The goal over the next 54 hours is to create a viable business and present a minimum viable product moving forward.  Sounds crazy? After attending my first Startup Weekend, I see this idea as amazingly simple and productive.

I was fortunate to work with a 10 person team, made up of some of the smartest and most dedicated minds I've come across randomly in a long while. We trashed out our project idea on Friday night, split into departments and assigned the work within the group.  We followed a wicked Agile development paradigm, and fed off each other's energy. It was awesome.  By Saturday, I had written out a minimum viable algorithm for our application, and we sketched out a system design that we could build by Sunday evening.  Everyone on the team pulled their weight, and by Sunday night we were taking home the Innovation and Performics award which would give our team and project a lot of exposure in the coming weeks.

Is this the start of a company? I hope so. Whatever dreams may come though, this weekend was an awesome laboratory of a learning experiment.  The mentorship and coaching was invaluable, and the opportunities for interdisciplinary learning were unmatched.

If nothing, I now have an excuse to learn Ruby!

Prototyping a Business Idea 1

I've read a lot online about quickly testing a market to see if there is any demand for your service. So I decided to put it into practice and walk through the process myself. As promised I'll be documenting every personal project that I start from now on. Continue reading as I show how I went about prototyping a business to create usability reports in one evening.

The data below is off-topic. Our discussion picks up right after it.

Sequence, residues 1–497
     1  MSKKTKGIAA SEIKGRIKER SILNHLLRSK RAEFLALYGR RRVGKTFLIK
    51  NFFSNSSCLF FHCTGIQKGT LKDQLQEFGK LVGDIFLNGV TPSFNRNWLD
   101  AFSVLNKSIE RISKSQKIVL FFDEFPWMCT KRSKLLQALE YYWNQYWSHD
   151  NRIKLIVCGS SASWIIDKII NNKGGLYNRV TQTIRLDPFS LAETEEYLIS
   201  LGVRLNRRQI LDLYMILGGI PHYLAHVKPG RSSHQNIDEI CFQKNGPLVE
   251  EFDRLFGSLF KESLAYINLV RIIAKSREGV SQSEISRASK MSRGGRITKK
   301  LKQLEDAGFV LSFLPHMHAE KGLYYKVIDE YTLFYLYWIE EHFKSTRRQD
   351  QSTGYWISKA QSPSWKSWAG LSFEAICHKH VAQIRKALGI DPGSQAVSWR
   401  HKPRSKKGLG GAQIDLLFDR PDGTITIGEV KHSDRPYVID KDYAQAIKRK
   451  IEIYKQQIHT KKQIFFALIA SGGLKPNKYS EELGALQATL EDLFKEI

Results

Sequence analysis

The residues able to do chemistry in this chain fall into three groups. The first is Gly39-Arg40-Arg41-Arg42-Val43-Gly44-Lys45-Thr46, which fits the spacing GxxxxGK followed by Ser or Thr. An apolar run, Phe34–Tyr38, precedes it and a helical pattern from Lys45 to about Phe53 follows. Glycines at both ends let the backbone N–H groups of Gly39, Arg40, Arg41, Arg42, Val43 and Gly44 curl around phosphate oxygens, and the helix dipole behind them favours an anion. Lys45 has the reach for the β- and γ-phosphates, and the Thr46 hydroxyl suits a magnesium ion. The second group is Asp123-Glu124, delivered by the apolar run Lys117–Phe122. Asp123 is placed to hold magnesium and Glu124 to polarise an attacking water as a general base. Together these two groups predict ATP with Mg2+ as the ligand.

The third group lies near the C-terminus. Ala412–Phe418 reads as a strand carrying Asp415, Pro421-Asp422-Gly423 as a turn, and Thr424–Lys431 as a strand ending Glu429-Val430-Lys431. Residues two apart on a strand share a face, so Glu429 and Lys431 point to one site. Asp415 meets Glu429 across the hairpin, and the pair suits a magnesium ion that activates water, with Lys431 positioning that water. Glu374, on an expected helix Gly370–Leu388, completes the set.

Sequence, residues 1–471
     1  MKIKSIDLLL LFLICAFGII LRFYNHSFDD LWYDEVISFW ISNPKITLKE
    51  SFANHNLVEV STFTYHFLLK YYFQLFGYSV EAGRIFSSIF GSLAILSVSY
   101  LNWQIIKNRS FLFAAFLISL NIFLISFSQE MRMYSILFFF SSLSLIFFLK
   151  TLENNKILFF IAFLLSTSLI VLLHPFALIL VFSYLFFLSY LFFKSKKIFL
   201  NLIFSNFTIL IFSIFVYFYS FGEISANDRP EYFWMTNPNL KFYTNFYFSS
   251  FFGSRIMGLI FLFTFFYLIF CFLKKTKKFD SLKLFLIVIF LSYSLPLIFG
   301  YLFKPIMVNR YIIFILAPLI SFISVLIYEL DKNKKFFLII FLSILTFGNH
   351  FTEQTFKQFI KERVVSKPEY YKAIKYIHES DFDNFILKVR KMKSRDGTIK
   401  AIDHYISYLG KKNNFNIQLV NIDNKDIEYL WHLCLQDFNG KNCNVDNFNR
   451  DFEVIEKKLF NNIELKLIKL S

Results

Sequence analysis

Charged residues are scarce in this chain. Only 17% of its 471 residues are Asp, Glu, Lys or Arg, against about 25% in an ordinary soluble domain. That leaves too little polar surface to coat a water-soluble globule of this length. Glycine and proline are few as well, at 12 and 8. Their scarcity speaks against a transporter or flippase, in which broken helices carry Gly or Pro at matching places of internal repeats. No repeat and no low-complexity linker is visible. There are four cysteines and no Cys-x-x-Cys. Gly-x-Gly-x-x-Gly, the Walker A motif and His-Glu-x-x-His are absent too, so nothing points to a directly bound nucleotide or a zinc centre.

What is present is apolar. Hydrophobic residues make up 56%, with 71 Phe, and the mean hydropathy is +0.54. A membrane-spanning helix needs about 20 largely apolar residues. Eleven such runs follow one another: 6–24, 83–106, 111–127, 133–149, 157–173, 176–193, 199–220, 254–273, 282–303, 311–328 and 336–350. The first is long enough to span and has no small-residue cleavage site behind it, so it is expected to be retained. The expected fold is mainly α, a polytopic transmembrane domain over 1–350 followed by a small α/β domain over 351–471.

Step 1: What am I good at?

Before I can begin offering any service, I need to identify the things I'm good at and passionate about. I quickly made a list over the weekend.
  • Java web application programming
  • Android apps
  • Usable website design
  • Application of technology to solve social problems
  • Logo designs
My list can probably go on for pages, but that was enough to get me started. In this section I'm following the advice of Noah Kagan and the crew at AppSumo. I'm going after low hanging fruit. So ‘Usable website design’ seemed to me like it was pretty low on my tree. After all I've been critiquing websites on forums for free, for over a decade, and building them since 1996. I confess that back in 1996 I was really just building a bunch of local sites as I didn't yet have Internet access.

I'm picking a trivial example first, and it might become something, but it's so easy I can do it for other things on my list as well. Actually, you know what, I'll go through this process for as many items on the list as I can. Some fruit are higher than others, for example setting up and running a Java web application will probably take me a little longer, but it'll be worth it.

Step 2: Determine the market size (approx)

There are many ways to do this, and you could really do your market research and spend days and months testing the market. Or, you can use a shortcut and see how many people are searching for your service online to get a rough estimate of the market size. Again, this is all about rough approximations. I want to show you how I did all of this on Sunday evening and got my first order by midnight on Sunday. So I just used the  Google Keyword Search Tool, and that gave me ideas on the keywords that my service should contain and the number of users who are looking for that service.

Step 3: Idea Validation

Since I'm just trying to figure out if I want to do this at all, I decided to try this on the popular service, Fiverr. Fiverr has a niche marketplace for brief usability reports, and design analysis. Users of Fiverr are mostly people who are trying out new things and want to save a lot of money. You might be thinking, “Fiverr? Don't you get paid just $5 per gig?” Actually I'll get paid $4 per gig, but this project isn't about money, it's about validating the idea, testing the market size and building a reputation and refining my product offering.